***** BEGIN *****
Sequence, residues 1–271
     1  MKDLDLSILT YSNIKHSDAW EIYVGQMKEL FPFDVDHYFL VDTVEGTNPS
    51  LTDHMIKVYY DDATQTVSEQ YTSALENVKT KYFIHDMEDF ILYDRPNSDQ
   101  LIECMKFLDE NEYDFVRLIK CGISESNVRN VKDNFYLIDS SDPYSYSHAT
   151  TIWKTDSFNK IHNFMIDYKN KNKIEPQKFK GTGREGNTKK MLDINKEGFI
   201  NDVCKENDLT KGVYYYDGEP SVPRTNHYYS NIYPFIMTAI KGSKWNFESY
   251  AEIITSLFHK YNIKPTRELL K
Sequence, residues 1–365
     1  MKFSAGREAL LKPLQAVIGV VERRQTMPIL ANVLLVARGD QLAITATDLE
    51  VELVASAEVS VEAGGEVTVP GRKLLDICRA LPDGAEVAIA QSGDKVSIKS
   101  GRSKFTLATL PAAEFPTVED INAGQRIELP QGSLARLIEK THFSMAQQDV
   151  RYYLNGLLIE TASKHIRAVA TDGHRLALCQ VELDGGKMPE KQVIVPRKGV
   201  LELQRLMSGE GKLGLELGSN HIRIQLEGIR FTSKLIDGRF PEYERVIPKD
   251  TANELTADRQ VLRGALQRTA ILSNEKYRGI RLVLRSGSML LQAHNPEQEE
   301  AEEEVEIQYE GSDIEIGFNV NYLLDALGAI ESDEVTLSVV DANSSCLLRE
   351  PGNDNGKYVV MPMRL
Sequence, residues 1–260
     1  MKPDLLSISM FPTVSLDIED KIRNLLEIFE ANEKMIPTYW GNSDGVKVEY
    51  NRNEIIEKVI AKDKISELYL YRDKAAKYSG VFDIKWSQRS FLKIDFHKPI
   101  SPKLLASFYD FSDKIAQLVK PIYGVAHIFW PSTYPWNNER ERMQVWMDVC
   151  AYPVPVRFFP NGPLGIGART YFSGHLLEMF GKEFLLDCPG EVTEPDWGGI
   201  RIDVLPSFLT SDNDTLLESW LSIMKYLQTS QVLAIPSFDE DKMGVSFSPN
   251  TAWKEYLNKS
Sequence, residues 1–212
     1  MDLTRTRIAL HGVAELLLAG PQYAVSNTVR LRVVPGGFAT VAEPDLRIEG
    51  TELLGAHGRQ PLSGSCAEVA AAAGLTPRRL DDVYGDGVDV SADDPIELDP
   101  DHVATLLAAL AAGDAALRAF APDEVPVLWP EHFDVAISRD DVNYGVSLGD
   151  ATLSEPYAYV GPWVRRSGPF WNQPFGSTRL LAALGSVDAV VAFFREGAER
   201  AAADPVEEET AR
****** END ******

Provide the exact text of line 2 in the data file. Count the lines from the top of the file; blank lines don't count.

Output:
     1  MKDLDLSILT YSNIKHSDAW EIYVGQMKEL FPFDVDHYFL VDTVEGTNPS